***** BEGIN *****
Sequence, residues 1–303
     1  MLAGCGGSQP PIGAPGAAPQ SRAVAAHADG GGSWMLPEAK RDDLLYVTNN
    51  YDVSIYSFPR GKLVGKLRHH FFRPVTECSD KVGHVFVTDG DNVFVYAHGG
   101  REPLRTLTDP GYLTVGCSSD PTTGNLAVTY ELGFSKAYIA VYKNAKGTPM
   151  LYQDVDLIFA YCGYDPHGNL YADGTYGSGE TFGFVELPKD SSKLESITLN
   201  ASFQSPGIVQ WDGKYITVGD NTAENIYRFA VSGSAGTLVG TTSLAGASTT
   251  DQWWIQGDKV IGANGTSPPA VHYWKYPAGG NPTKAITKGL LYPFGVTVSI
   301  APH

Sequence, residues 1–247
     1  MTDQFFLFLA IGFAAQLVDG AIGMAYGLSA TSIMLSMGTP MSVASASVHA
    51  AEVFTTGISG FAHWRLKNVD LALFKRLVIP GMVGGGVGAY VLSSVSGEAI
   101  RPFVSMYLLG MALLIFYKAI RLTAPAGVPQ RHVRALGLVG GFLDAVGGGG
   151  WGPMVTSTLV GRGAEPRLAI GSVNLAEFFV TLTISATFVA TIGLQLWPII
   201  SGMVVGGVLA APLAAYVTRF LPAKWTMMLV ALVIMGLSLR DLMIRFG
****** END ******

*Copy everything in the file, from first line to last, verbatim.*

Sequence, residues 1–303
     1  MLAGCGGSQP PIGAPGAAPQ SRAVAAHADG GGSWMLPEAK RDDLLYVTNN
    51  YDVSIYSFPR GKLVGKLRHH FFRPVTECSD KVGHVFVTDG DNVFVYAHGG
   101  REPLRTLTDP GYLTVGCSSD PTTGNLAVTY ELGFSKAYIA VYKNAKGTPM
   151  LYQDVDLIFA YCGYDPHGNL YADGTYGSGE TFGFVELPKD SSKLESITLN
   201  ASFQSPGIVQ WDGKYITVGD NTAENIYRFA VSGSAGTLVG TTSLAGASTT
   251  DQWWIQGDKV IGANGTSPPA VHYWKYPAGG NPTKAITKGL LYPFGVTVSI
   301  APH

Sequence, residues 1–247
     1  MTDQFFLFLA IGFAAQLVDG AIGMAYGLSA TSIMLSMGTP MSVASASVHA
    51  AEVFTTGISG FAHWRLKNVD LALFKRLVIP GMVGGGVGAY VLSSVSGEAI
   101  RPFVSMYLLG MALLIFYKAI RLTAPAGVPQ RHVRALGLVG GFLDAVGGGG
   151  WGPMVTSTLV GRGAEPRLAI GSVNLAEFFV TLTISATFVA TIGLQLWPII
   201  SGMVVGGVLA APLAAYVTRF LPAKWTMMLV ALVIMGLSLR DLMIRFG